If large banks and financial institutions get involved, according to Smith, “it could get ugly because this would undermine their business model. It could kick off their cry for regulation and restrictions as Russia and China have done. That would fly in the face of America’s reputation as a major software producer and our belief in free enterprise.”

Meanwhile, he said, the U.S. Justice Department owns 144,000 bitcoin seized last year in a raid on Silk Road, a company that sold illegal goods and accepted only bitcoin. The U.S. government apparently must take a position regarding bitcoin. If the federal government says bitcoin has no value, the $78 million-plus (at the time this was written) in currency it seized has no worth. But exchanging those 144,000 digital units for anything else recognizes its value.

Bitcoin vs. bitcoin: What’s the difference?

Bitcoin is the first and most widely traded currency that relies on a global network of computer bookkeepers; it has “competitors” like Litecoin, but it is fast becoming the standard.

The Bitcoin system was created by Satoshi Nakamoto in 2009 and is designed to cap out at 21 million “coins” in 2040. There now are about 11 million in circulation, with new ones being “mined” at declining rate built into the system.

The global tracking and trading computer network is “big B” Bitcoin. The currency is denoted as “small b” bitcoin and is described on the bitcoin.org wiki as “a distributed, peer-to-peer, digital currency that can be transferred instantly and securely between any two people in the world.” Peer-to-peer means no central authority issues new money or tracks transactions. These are managed collectively by the network.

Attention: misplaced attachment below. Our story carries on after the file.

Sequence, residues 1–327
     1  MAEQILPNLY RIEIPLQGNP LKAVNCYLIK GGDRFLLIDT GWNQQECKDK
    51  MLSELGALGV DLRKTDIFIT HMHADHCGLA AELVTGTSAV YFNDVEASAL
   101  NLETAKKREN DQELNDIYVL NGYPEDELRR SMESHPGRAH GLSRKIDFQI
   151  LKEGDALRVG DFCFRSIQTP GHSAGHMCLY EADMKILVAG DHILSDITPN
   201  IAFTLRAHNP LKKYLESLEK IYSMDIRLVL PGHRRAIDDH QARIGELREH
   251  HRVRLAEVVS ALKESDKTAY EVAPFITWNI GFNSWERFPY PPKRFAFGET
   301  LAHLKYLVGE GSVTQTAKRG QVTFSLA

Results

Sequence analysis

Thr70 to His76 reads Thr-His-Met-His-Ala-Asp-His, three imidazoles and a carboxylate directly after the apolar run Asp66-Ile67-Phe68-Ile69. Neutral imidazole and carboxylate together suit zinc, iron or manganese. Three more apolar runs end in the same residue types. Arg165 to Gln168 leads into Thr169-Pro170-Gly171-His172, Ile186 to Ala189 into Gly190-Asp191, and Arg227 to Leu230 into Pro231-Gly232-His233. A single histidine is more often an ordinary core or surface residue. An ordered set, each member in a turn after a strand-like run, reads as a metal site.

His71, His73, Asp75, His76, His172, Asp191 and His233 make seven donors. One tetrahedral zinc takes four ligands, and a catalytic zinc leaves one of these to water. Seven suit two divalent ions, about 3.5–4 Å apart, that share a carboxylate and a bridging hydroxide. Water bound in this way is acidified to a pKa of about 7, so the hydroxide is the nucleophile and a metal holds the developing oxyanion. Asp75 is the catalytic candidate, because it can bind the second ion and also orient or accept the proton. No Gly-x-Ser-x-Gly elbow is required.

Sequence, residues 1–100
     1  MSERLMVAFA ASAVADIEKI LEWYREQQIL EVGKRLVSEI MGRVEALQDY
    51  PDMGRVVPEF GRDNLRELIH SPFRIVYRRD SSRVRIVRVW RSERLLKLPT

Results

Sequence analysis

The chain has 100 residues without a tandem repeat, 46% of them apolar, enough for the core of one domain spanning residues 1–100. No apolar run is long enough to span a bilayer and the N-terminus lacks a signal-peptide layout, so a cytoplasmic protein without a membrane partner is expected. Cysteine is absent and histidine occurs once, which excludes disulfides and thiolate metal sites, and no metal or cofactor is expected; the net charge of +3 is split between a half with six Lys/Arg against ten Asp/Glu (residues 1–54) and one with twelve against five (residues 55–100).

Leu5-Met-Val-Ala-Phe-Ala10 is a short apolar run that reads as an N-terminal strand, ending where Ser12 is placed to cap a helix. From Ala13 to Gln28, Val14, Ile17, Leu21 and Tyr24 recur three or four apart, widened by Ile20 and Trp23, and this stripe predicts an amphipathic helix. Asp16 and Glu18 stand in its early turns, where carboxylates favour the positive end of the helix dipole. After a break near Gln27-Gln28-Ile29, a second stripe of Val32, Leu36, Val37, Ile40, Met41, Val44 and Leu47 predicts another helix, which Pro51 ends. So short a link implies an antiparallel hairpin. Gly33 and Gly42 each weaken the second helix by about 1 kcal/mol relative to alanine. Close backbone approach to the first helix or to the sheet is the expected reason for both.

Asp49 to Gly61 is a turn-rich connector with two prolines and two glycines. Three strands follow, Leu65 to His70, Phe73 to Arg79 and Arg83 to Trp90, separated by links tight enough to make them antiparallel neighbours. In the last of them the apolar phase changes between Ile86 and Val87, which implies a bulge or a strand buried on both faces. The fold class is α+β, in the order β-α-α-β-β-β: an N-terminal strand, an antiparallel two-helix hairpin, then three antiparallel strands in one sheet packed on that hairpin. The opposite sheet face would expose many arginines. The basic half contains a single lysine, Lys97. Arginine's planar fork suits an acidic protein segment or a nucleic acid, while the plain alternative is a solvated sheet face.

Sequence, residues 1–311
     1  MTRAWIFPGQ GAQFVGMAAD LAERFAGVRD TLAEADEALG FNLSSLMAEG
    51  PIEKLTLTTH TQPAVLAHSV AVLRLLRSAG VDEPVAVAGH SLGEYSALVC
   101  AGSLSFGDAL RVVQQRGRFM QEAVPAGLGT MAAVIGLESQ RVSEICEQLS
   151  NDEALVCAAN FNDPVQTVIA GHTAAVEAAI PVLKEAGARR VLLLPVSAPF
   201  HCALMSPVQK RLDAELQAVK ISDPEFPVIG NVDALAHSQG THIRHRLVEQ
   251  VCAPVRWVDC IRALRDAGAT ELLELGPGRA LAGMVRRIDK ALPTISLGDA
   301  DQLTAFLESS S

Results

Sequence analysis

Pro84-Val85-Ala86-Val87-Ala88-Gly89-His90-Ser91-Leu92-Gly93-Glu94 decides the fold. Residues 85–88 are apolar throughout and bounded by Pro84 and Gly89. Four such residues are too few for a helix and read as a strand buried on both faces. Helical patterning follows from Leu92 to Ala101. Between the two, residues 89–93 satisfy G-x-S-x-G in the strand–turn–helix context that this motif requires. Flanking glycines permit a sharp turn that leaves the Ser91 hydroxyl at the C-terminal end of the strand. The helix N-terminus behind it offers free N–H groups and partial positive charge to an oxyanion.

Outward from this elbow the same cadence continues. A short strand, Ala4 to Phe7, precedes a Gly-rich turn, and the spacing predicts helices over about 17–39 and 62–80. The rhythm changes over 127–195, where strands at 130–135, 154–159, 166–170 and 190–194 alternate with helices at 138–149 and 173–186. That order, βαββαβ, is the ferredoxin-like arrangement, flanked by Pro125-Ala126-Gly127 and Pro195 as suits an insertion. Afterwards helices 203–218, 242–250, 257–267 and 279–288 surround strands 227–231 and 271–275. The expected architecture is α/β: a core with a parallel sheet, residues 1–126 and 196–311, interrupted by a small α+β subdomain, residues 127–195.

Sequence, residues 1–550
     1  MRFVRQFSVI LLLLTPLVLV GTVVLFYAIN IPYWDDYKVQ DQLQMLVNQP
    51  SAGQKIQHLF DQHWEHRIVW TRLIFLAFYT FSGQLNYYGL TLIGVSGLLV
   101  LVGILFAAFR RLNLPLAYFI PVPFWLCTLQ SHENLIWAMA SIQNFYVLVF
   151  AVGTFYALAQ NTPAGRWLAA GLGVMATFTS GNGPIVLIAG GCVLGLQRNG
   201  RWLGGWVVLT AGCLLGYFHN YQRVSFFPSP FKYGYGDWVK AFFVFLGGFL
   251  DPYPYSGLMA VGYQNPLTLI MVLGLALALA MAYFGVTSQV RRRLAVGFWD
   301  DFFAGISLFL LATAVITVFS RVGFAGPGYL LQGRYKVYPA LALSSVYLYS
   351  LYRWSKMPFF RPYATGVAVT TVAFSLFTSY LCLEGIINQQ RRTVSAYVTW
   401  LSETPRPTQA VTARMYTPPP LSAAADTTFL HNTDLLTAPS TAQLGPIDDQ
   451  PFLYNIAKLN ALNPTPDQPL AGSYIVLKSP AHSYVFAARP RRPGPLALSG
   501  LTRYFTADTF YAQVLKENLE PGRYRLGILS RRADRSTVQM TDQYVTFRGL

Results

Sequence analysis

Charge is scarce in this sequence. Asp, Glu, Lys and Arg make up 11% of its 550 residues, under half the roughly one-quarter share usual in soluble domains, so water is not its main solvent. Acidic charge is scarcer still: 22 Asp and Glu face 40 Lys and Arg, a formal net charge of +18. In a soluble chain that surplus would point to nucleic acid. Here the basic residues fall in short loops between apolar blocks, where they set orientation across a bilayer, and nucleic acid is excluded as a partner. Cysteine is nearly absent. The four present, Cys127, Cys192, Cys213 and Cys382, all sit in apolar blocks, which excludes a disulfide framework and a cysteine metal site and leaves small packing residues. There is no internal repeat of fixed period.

Each bitcoin has a unique serial number of at least 33 characters that are cryptographically encoded during a transaction (hence the name “cryptocurrency”). Every serial number is known to the global Bitcoin network of computers, a supermajority of which must verify each serial number as well as that the buyer account has “money” before a transaction can proceed. It takes only a few seconds. Fraud is considered nearly impossible because of the encryption and systemwide verification.

Bitcoin allows anyone to buy or sell globally in transactions outside any financial institution, bank or service. Transaction fees are modest or there are none – appealing to merchants who pay Visa and MasterCard “swipe fees” of 1 to 4 percent per electronic transactions.

A bitcoin can be spent fractionally – e.g., b.05 or b.25 – like a dollar or euro. There are bitcoin exchanges worldwide. Much more than established currencies, bitcoin’s value has fluctuated significantly the past year or two when news and events impact market psychology. Fluctuations are becoming fewer and smaller.

Bitcoin is likened to gold because its market value changes daily; it isn’t controlled by one government or central bank; there is a limited quantity; it has value because people believe it does. Like cash or gold, if physically lost it’s gone. There are only so many bitcoins in the world, unlike currencies that are printed as needed or desired – which can be subject to political issues.